The Limits of the Clemency Power: On Pardons, Retributivists, and the United States Constitution

Posted: 14 Mar 2003  

Mark Strasser

Capital University - Law School

Abstract

This article discusses the President's pardon power, examining its modest constitutional limitations and different theories about whether and when its use should be limited. Included are discussions of whether the Due Process and Equal Protections Clauses provide any protection for would-be pardonees as well as whether a pardon challenge would even be justiciable. The Article concludes that limiting the pardon power through constitutional amendment would be neither necessary nor wise. Potential abuses are either already subject to sanction or sufficiently unlikely to occur that the costs implicated in framing and passing an amendment would more than outweigh any benefits likely to be accrued through such an amendment.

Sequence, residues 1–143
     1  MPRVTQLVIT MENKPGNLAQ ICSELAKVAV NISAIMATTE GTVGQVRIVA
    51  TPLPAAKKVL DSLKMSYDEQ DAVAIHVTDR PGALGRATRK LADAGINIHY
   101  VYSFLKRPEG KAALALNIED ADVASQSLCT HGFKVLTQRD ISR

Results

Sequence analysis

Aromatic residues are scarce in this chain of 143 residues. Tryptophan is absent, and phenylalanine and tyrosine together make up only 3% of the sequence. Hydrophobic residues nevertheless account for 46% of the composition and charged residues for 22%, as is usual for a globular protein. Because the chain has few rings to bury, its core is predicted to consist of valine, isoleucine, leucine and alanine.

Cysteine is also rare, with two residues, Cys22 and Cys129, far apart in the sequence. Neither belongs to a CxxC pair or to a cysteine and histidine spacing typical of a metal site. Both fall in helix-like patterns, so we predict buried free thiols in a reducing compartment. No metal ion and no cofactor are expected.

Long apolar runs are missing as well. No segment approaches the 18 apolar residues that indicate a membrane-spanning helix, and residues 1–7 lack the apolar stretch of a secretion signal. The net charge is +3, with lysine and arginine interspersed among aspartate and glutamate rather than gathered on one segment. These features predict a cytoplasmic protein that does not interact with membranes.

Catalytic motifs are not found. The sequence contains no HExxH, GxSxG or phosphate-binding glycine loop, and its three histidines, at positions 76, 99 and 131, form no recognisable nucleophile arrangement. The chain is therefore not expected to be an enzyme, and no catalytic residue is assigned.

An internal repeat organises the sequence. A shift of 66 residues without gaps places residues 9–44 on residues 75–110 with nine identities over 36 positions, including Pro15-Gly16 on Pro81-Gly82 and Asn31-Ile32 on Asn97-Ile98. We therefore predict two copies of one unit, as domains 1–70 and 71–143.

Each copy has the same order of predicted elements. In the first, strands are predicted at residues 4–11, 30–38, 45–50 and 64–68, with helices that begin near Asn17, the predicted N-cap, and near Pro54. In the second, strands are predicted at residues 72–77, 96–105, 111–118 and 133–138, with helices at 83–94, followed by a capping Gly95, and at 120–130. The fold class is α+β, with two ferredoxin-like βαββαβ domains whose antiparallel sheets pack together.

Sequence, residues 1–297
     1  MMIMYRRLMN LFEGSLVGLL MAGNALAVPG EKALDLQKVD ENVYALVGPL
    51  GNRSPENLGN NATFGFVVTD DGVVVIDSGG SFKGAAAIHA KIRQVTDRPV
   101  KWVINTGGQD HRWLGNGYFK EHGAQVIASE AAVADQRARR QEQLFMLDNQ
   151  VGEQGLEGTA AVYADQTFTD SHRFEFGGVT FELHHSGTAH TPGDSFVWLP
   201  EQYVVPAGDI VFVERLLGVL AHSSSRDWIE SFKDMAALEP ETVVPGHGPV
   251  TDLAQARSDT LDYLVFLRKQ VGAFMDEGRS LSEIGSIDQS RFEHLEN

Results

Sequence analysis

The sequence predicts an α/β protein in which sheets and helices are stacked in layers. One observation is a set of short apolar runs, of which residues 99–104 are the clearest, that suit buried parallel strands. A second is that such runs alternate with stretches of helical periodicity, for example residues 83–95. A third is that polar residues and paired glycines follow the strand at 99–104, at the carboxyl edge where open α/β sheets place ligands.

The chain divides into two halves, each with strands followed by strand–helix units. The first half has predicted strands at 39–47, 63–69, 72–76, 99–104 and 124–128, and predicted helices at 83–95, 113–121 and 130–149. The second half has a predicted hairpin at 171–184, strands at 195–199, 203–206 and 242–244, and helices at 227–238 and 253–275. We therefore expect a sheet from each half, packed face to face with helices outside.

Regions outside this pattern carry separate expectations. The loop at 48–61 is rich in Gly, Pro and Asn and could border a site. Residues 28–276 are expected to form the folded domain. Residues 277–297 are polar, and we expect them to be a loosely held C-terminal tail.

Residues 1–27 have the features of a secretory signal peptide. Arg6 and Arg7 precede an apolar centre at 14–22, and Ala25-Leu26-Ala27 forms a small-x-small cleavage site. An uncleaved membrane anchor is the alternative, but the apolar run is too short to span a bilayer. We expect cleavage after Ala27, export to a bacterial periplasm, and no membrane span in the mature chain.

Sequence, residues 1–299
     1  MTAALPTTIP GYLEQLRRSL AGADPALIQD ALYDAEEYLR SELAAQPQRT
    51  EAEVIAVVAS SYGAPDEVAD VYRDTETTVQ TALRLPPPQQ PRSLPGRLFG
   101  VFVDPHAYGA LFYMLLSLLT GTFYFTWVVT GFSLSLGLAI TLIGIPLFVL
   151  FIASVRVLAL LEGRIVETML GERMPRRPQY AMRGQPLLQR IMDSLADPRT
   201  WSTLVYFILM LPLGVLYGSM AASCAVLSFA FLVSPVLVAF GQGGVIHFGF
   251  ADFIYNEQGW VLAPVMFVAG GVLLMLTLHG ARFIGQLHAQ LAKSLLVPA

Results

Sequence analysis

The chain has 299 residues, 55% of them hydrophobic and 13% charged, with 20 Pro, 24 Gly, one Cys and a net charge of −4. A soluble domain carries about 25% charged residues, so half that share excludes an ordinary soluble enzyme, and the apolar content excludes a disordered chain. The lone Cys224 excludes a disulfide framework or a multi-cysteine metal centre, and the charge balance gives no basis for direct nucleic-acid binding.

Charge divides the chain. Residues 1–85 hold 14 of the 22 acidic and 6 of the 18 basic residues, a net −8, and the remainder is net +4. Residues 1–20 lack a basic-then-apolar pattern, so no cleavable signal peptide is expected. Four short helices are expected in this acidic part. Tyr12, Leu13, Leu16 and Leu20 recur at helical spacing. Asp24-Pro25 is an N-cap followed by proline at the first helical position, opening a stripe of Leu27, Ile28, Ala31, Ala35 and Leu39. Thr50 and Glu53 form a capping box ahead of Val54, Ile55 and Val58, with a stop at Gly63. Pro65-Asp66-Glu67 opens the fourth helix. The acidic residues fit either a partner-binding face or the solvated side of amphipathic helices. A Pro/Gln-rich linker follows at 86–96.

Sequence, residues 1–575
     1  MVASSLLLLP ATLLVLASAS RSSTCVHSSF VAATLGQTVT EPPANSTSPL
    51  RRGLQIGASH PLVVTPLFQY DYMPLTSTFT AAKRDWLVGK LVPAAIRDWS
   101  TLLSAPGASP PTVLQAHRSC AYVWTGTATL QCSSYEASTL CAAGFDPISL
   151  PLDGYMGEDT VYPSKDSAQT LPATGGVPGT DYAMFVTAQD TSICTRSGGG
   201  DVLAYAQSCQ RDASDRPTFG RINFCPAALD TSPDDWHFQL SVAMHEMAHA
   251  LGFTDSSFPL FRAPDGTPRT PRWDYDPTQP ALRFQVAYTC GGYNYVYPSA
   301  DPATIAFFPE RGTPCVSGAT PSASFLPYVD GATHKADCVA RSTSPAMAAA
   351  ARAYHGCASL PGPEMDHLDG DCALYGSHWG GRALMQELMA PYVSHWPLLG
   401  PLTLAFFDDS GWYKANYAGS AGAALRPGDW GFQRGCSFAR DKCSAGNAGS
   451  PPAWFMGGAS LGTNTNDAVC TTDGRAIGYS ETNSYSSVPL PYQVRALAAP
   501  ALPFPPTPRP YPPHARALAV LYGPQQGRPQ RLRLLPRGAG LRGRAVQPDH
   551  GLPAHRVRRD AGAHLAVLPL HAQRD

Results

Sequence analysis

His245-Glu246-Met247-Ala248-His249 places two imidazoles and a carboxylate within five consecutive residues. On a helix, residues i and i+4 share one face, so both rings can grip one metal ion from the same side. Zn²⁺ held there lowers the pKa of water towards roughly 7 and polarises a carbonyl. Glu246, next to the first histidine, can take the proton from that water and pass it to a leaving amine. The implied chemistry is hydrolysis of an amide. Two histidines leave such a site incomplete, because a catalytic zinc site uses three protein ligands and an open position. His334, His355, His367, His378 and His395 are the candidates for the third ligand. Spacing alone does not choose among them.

Suggested Citation

Strasser, Mark, The Limits of the Clemency Power: On Pardons, Retributivists, and the United States Constitution. Brandeis Law Journal, Vol. 41, pp. 85-154, 2002. Available at SSRN: https://ssrn.com/abstract=387720

Mark Strasser (Contact Author)

Capital University - Law School ( email )

303 E. Broad St.
Columbus, OH 43215-3200
United States
614-236-6686 (Phone)
614-236-6956 (Fax)

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